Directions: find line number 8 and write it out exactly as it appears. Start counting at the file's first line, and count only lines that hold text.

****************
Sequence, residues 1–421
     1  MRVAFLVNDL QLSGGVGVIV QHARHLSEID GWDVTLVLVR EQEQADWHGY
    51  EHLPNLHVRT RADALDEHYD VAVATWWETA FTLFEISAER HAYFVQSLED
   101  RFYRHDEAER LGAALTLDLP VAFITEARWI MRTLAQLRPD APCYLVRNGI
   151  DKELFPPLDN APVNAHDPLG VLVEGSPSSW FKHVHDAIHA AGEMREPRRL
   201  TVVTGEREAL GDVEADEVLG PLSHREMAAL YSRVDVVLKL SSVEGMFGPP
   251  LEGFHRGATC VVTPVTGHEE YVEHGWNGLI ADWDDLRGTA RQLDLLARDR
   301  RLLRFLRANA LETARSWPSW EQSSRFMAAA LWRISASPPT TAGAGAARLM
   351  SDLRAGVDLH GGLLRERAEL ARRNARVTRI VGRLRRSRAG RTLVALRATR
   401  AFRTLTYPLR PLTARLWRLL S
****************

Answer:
   301  RLLRFLRANA LETARSWPSW EQSSRFMAAA LWRISASPPT TAGAGAARLM